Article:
WILLIAM CULLEN BRYANT.



A MORNING THOUGHT.

What if some morning, when the stars were paling, And the dawn whitened, and the east was clear, Strange peace and rest fell on me from the presence Of a benignant spirit standing near;

And I should tell him, as he stood beside me:— "This is our earth—most friendly earth, and fair; Daily its sea and shore through sun and shadow Faithful it turns, robed in its azure air;

"There is blest living here, loving and serving, And quest of truth, and serene friendships dear: But stay not, Spirit! Earth has one destroyer— His name is Death: flee, lest he find thee here!"

And what if then, while the still morning brightened, And freshened in the elm the summer's breath, Should gravely smile on me the gentle angel, And take my hand and say, "My name is Death"?

EDWARD ROWLAND SILL.



NOW AND AFTERWARDS.

"Two hands upon the breast, and labor is past." —RUSSIAN PROVERB.

"Two hands upon the breast, And labor's done; Two pale feet crossed in rest,— The race is won; Two eyes with coin-weights shut, And all tears cease; Two lips where grief is mute, Anger at peace:" So pray we oftentimes, mourning our lot; God in his kindness answereth not.

"Two hands to work addrest Aye for his praise; Two feet that never rest Walking his ways; Two eyes that look above Through all their tears; Two lips still breathing love, Not wrath, nor fears:" So pray we afterwards, low on our knees; Pardon those erring prayers! Father, hear these!

DINAH MARIA MULOCK CRAIK



THE GRAVE OF SOPHOCLES.

Tenderly, ivy, on Sophocles' grave—right tenderly—twine Garlanding over the mound network of delicate green.

Everywhere flourish the flower of the rose, and the clustering vine Pour out its branches around, wet with their glistering sheen.

All for the sake of the wisdom and grace it was his to combine; Priest of the gay and profound, sweetest of singers terrene.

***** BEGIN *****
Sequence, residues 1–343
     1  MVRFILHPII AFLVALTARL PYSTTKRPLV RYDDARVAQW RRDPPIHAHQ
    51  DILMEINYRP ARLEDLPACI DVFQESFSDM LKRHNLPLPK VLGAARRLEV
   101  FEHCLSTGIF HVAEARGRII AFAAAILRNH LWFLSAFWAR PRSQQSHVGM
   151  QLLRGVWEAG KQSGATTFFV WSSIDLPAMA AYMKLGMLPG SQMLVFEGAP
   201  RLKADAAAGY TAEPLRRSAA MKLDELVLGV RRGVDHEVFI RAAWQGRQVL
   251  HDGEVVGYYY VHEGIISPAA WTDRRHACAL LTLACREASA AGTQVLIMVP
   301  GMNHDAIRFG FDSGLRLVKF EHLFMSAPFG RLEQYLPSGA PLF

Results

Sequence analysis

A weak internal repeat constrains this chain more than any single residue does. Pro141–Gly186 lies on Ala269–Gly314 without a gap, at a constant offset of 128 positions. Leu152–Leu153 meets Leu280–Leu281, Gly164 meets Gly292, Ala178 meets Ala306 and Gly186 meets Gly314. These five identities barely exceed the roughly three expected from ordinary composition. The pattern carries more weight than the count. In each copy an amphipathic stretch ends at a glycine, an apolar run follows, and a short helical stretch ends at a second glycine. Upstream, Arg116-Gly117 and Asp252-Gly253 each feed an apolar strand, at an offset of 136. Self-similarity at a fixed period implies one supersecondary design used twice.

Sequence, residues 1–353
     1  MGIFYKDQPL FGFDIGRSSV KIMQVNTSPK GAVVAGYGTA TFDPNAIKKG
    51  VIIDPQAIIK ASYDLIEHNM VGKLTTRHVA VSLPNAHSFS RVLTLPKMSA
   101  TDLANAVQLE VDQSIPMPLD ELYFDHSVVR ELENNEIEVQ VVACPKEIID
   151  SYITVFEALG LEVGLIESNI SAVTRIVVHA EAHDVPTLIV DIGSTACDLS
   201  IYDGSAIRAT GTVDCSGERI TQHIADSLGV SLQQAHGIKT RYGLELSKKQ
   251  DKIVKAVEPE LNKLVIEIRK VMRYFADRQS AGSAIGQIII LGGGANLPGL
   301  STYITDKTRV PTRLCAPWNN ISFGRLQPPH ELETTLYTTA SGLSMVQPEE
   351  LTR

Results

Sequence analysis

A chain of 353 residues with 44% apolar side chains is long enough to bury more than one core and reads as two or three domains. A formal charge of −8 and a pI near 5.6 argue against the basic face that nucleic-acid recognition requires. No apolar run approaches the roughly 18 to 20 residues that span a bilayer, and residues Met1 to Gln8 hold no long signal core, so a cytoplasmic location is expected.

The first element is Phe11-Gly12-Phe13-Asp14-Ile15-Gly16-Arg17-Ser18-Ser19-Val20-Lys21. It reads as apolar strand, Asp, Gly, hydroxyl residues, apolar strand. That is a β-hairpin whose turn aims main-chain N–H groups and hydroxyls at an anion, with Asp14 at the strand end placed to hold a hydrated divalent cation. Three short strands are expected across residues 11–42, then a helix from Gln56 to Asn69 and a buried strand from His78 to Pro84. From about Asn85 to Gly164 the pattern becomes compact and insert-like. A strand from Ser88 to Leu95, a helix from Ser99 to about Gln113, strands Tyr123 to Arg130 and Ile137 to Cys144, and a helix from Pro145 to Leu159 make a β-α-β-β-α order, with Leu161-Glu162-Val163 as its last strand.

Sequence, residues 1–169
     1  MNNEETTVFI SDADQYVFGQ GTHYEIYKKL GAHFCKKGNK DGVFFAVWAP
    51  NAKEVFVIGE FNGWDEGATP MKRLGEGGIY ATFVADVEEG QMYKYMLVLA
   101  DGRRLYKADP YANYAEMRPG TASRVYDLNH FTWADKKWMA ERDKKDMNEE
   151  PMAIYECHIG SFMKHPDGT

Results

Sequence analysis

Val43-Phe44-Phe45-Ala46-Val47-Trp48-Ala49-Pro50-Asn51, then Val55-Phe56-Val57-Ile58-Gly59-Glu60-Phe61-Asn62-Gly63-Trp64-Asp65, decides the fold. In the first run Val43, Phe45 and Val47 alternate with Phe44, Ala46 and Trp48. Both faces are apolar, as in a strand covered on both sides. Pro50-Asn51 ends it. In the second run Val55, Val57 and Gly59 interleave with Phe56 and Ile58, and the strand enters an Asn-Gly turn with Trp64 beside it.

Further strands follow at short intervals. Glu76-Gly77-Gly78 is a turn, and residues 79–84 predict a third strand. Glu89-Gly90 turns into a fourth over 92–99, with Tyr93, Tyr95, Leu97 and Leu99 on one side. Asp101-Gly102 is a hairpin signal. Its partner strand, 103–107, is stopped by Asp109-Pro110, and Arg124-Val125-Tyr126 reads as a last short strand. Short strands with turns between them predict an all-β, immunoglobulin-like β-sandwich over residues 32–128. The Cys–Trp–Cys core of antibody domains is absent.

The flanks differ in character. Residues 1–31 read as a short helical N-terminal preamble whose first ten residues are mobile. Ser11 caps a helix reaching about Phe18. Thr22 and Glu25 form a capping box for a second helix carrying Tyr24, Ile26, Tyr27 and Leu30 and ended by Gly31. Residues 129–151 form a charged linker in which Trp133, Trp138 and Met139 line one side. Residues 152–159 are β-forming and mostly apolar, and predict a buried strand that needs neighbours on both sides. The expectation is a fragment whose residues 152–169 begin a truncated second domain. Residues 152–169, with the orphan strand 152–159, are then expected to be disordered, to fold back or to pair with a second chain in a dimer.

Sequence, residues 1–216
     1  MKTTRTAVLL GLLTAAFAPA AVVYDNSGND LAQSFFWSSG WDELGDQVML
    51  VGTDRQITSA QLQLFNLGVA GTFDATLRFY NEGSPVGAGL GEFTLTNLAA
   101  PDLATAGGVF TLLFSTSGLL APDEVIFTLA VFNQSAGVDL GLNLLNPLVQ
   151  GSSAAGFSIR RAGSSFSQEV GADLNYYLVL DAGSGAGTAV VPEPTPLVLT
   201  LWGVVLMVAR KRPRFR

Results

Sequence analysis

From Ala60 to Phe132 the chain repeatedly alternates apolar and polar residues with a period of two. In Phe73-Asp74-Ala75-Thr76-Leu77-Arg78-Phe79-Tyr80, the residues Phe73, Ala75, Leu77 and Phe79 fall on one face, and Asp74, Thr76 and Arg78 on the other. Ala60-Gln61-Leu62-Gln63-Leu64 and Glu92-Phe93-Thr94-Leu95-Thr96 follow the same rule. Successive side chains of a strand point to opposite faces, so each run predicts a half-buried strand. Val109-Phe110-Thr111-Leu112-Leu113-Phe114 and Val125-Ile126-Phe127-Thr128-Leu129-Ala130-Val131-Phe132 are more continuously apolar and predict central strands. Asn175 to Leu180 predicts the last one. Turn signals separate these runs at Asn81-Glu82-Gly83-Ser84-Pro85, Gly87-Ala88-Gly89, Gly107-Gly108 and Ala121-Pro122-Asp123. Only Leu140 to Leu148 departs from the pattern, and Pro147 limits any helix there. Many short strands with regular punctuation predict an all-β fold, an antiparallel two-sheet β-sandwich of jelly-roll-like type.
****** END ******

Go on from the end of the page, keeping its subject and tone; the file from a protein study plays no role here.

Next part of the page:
From the Greek of SIMMIAS. Translation of WILLIAM M. HAUDINGE.



INSCRIPTION ON MELROSE ABBEY.

The earth goes on the earth glittering in gold, The earth goes to the earth sooner than it wold; The earth builds on the earth castles and towers, The earth says to the earth—All this is ours.



ON THE TOMBS IN WESTMINSTER ABBEY.

Mortality, behold and fear What a change of flesh is here! Think how many royal bones Sleep within these heaps of stones; Here they lie, had realms and lands, Who now want strength to stir their hands, Where from their pulpits sealed with dust They preach, "In greatness is no trust." Here's an acre sown indeed With the richest royallest seed That the earth did e'er suck in Since the first man died for sin: Here the bones of birth have cried "Though gods they were, as men they died!" Here are sands, ignoble things, Dropt from the ruined sides of kings: Here's a world of pomp and state Buried in dust, once dead by fate.

FRANCIS BEAUMONT.



ELEGY WRITTEN IN A COUNTRY CHURCHYARD.

The curfew tolls the knell of parting day, The lowing herd wind slowly o'er the lea, The ploughman homeward plods his weary way, And leaves the world to darkness and to me.

Now fades the glimmering landscape on the sight. And all the air a solemn stillness holds, Save where the beetle wheels his droning flight, And drowsy tinklings lull the distant folds:

Save that, from yonder ivy-mantled tower, The moping owl does to the moon complain Of such as, wandering near her secret bower, Molest her ancient solitary reign.